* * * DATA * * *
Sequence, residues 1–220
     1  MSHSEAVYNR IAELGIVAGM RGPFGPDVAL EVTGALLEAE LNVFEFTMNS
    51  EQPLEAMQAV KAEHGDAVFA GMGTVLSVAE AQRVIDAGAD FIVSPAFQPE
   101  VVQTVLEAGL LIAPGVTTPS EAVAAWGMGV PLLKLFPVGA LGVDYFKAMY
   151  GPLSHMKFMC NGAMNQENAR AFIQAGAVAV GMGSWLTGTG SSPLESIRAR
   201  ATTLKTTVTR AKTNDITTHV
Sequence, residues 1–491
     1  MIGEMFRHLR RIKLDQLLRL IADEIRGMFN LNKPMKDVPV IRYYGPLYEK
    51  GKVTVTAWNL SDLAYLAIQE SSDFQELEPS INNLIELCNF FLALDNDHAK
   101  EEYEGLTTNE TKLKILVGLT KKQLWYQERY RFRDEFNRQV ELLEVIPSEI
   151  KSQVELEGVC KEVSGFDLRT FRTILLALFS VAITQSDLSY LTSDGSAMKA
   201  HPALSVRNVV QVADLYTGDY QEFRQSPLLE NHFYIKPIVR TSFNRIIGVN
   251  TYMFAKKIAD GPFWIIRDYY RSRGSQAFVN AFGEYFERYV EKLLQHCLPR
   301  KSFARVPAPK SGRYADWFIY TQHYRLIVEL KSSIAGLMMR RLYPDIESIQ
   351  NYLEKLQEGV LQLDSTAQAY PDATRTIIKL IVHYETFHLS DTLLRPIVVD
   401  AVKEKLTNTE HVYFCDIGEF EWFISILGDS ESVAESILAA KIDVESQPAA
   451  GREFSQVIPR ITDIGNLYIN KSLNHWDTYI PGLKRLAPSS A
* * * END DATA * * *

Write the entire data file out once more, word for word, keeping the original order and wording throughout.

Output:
Sequence, residues 1–220
     1  MSHSEAVYNR IAELGIVAGM RGPFGPDVAL EVTGALLEAE LNVFEFTMNS
    51  EQPLEAMQAV KAEHGDAVFA GMGTVLSVAE AQRVIDAGAD FIVSPAFQPE
   101  VVQTVLEAGL LIAPGVTTPS EAVAAWGMGV PLLKLFPVGA LGVDYFKAMY
   151  GPLSHMKFMC NGAMNQENAR AFIQAGAVAV GMGSWLTGTG SSPLESIRAR
   201  ATTLKTTVTR AKTNDITTHV
Sequence, residues 1–491
     1  MIGEMFRHLR RIKLDQLLRL IADEIRGMFN LNKPMKDVPV IRYYGPLYEK
    51  GKVTVTAWNL SDLAYLAIQE SSDFQELEPS INNLIELCNF FLALDNDHAK
   101  EEYEGLTTNE TKLKILVGLT KKQLWYQERY RFRDEFNRQV ELLEVIPSEI
   151  KSQVELEGVC KEVSGFDLRT FRTILLALFS VAITQSDLSY LTSDGSAMKA
   201  HPALSVRNVV QVADLYTGDY QEFRQSPLLE NHFYIKPIVR TSFNRIIGVN
   251  TYMFAKKIAD GPFWIIRDYY RSRGSQAFVN AFGEYFERYV EKLLQHCLPR
   301  KSFARVPAPK SGRYADWFIY TQHYRLIVEL KSSIAGLMMR RLYPDIESIQ
   351  NYLEKLQEGV LQLDSTAQAY PDATRTIIKL IVHYETFHLS DTLLRPIVVD
   401  AVKEKLTNTE HVYFCDIGEF EWFISILGDS ESVAESILAA KIDVESQPAA
   451  GREFSQVIPR ITDIGNLYIN KSLNHWDTYI PGLKRLAPSS A